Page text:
By Yereth Rosen
ANCHORAGE, Alaska (Reuters) - Cleanup workers will soon attack a jumble of debris from Japan's 2011 tsunami that litters an Alaskan island, as residents in the state gear up to scour their shores for everything from buoys to building material that has floated across the Pacific.
The cleansing project slated to start on Friday on Montague Island is expected to last a couple weeks, and organizers say it marks the first major project in Alaska to collect and dispose of debris from the tsunami.
The March 2011 tsunami, caused by a magnitude 9.0 earthquake, killed nearly 16,000 people and left over 3,000 missing on Japan's main island of Honshu, and precipitated a major radiation release at the Fukushima Daiichi nuclear plant.
A U.S. senator has sought to obtain $45 million to tackle the problem, and officials have cited fears about invasive species and toxic substances thought to be among the floating mess of objects.
While debris from Japan is also floating toward other U.S. states along the West Coast, Alaska has a more extensive shoreline, much of it difficult to reach.
Montague is an uninhabited island at the entrance to Prince William Sound, southeast of Anchorage. About a dozen volunteers and employees from the environmental group Gulf of Alaska Keeper and the Center for Alaskan Coastal Studies will handle the debris-removal project at the island.
"We'll probably remove 30 to 40 tons from there. That's just a start," said Patrick Chandler, special programs coordinator for the Center for Alaskan Coastal Studies.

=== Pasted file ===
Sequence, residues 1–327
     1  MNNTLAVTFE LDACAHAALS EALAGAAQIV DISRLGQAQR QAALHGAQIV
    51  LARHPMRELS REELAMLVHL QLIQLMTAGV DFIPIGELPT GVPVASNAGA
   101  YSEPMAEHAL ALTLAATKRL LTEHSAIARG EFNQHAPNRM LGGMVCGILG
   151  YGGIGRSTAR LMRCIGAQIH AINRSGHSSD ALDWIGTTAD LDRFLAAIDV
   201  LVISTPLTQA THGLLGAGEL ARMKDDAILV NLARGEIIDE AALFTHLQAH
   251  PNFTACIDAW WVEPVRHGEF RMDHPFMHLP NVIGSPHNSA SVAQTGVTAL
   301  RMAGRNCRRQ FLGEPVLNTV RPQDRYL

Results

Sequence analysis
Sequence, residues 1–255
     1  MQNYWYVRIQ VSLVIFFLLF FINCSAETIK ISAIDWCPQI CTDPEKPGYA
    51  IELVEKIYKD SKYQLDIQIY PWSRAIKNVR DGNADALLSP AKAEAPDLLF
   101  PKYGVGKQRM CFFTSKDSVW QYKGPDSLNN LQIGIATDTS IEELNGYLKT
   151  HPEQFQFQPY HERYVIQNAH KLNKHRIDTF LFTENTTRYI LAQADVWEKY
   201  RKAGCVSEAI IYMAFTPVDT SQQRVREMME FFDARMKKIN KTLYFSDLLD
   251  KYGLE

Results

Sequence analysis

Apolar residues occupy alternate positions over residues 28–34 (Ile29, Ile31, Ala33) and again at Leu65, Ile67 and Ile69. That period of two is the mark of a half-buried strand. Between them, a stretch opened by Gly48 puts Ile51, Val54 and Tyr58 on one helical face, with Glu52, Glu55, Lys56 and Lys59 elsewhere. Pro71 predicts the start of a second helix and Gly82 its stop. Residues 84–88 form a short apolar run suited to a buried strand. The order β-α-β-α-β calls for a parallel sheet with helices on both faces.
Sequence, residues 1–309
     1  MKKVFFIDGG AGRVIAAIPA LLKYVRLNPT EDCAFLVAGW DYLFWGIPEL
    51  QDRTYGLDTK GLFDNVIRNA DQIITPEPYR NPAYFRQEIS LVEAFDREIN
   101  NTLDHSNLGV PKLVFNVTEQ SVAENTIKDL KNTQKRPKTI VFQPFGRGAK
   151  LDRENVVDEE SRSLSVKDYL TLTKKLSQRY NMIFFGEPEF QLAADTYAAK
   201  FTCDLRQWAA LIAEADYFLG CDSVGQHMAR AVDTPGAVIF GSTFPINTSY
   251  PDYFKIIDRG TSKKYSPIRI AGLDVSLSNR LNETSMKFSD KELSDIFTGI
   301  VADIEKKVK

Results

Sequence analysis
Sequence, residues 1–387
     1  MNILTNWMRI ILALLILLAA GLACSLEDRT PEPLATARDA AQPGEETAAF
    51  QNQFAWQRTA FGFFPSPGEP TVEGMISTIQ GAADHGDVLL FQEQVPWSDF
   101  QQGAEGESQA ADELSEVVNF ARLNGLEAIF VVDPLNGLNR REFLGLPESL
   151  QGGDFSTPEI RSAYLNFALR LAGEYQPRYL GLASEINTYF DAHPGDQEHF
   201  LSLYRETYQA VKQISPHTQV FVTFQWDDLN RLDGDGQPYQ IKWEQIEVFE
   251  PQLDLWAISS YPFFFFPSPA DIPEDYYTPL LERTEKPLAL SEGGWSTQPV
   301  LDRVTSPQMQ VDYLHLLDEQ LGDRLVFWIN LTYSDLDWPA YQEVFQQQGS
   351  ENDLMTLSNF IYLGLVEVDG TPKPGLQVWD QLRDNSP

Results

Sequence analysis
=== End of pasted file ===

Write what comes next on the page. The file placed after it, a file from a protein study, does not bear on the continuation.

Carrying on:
Japan has estimated 5 million tons of debris was swept out to sea, but that most of it sank, leaving 1.5 million tons floating. Still, those figures are rough estimates, said the National Oceanic and Atmospheric Administration.
POLYSTYRENE FOAM 'EGGS'
Observers flying over the Alaska coast have spotted, among other items, huge numbers of barrel-sized polystyrene foam buoys, often associated with Japanese oyster farms.
Tiny specks of polystyrene foam that break away from larger objects can be dangerous to seabirds or marine mammals, because they resemble eggs or other food morsels, Chandler said.
Another worry is that floating debris might carry invasive species, such as barnacles, that would wreak havoc in waters off Alaska and the U.S. West Coast, said Doug Helton, the Seattle-based coordinator of NOAA's office of response and restoration.
Then there is the danger from noxious substances in partly full fuel jugs, cleanup organizers said.
Last month, the U.S. Coast Guard sank a 164-foot fishing boat from the Japan tsunami that drifted near Alaska. The Coast Guard said the so-called "ghost ship" was a navigational hazard.
With more debris headed for the West Coast, questions about cleanup costs remain unanswered. Those expenses could be high in Alaska because of geographic and weather challenges.
U.S. Senator Mark Begich of Alaska suggested last week that NOAA provide $45 million as an initial outlay to fund what is expected to be a sustained and difficult beach cleanup.
Meanwhile, David Baxter, a technician who works at a Federal Aviation Administration station on the uninhabited Middleton Island in the Gulf of Alaska, has made some notable finds on his rounds in his hobby of beachcombing.
Earlier this month, the owner of a tsunami-wrecked restaurant in the coastal Miyagi Prefecture spotted one of her buoys among Baxter's debris photos posted online. The yellow buoy was part of the restaurant's sign, he said.
Baxter has arranged to send it back to the woman. "Now that her buoy's found, she's going to rebuild," he said.
(Editing by Alex Dobuzinskis and Todd Eastham)